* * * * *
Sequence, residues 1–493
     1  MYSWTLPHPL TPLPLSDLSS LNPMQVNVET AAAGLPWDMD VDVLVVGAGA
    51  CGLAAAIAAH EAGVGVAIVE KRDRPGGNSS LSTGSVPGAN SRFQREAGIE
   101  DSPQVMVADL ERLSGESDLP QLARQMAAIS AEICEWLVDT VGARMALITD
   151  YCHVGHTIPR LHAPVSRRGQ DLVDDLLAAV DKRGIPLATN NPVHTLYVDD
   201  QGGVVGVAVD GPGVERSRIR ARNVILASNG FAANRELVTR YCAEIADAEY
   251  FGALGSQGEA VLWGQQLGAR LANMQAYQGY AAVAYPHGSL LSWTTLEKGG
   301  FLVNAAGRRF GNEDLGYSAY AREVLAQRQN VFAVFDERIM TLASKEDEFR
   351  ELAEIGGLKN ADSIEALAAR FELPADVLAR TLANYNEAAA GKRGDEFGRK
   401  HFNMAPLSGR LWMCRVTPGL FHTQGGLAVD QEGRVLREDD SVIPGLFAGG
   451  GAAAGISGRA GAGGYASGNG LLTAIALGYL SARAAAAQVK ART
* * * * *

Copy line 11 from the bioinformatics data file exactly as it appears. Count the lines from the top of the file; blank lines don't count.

   451  GAAAGISGRA GAGGYASGNG LLTAIALGYL SARAAAAQVK ART